I will never forget Emily Yapsiwa


“Never forget”, is a phrase that we used often in Boarding School to state who was the worst and best pupil in various aspects of our stay at school. The phrase was best used in writings found in latrines, on lockers or classroom walls. Today I have an opportunity to share who I will never forget.

I will never forget Emily Yapsiwa, the best writer in primary four at St. Patrick Kigulu Girls’. In my school we had a writers club run under the patronage of Ms. Lesley my English Teacher. She always took us through several writing competitions and spelling competitions for Prizes she brought back from London.


That year I joined the writers club with one motive, to get some of the nice looking pencils, pens and notebooks only found in London Supermarkets.

The first competition I was part of included a spelling exercise I failed flatly and writing a story about a close friend.

To be honest making friends then for me was harder than it is now. I was friends with everyone and having a close friend in my school made you a weakling in the eyes of the other pupils.

But Emily was rare; she had a close friend called Chiprop. She had a center for her story but I didn’t I wrote about everyone in my class. Emily emerged the winner got a beautiful diary with crayons.

I honestly knew the competition was rigged in her favour so I waited for another competition and we were asked to write about a journey we would never forget.

Emily wrote about her visit to her Father in London and included sights like the London eye. Mine was about traveling to school because every time I got to school I needed counseling.

I didn’t win that either. Between frustrations and jealous I abused Emily in front of everyone and called her a cheater, pretender and liar.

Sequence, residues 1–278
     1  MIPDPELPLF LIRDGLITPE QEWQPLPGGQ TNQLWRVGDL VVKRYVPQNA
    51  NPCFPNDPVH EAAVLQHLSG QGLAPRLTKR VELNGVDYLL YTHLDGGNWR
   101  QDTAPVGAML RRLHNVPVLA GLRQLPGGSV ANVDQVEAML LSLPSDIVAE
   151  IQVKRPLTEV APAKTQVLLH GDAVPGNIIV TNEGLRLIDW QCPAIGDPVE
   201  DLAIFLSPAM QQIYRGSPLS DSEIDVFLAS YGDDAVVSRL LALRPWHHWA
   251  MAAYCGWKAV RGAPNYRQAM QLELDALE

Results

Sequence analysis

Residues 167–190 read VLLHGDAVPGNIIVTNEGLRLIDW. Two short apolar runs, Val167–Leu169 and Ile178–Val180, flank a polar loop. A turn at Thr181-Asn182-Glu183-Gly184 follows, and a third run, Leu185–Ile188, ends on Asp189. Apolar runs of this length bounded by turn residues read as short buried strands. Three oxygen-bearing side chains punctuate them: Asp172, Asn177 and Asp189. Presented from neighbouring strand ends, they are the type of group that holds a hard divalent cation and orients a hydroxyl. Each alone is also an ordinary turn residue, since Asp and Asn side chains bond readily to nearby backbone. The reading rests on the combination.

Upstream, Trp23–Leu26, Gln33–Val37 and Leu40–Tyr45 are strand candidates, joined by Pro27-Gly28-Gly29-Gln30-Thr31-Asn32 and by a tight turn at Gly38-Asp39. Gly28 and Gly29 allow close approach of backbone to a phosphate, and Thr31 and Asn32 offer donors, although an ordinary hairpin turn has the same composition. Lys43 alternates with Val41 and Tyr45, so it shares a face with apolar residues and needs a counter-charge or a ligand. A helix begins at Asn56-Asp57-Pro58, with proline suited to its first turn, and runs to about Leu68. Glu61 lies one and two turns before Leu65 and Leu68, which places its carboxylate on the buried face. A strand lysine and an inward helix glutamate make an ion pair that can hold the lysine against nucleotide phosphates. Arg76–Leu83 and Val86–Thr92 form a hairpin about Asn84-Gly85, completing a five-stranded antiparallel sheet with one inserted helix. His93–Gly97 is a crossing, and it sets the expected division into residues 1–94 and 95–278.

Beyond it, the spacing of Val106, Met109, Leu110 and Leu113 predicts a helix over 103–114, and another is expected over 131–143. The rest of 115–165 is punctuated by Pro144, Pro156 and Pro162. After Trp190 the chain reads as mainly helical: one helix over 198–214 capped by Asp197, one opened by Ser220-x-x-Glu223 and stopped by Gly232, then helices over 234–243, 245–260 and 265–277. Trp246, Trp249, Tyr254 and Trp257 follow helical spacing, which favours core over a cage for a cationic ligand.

My teacher of English Mr. Kabambwe was on duty and heard all I said. He was a very quiet and humble man; who never caned pupils. When he summoned me I knew I wasn’t going to get beaten.

He asked me what that was all about. I told him Emily was winning everything and it was not fair.

He looked at me longingly and told me something I carry with me every time I try to write “you cannot write about something you don’t understand”.

H e asked me to go with him to the staff room, in that moment I knew I was breaking Mr. Kabambwe’s record of not beating students.

Once there he handed me a new note book and asked me to follow him to the library. Once there he handed me the book of Goldilocks and  the three Bears with a junior dictionary.

He asked me to read it then write down the new words I had learned in the note book with their meanings.

That week I read several books and learned very many new words. I aced the spelling exercise in the writers club and got me some candy from Ms Lesley. That was the beginning of my Writing career.

Do you have “an Emily Yapsiwa” at your school, work place or in a field you intend to pursue and they make all your efforts futile.

Well quit hating them and keep practicing, enjoy the losing because it will help you realize how bad you want it. With patience and practice you’ll soon be at the top.




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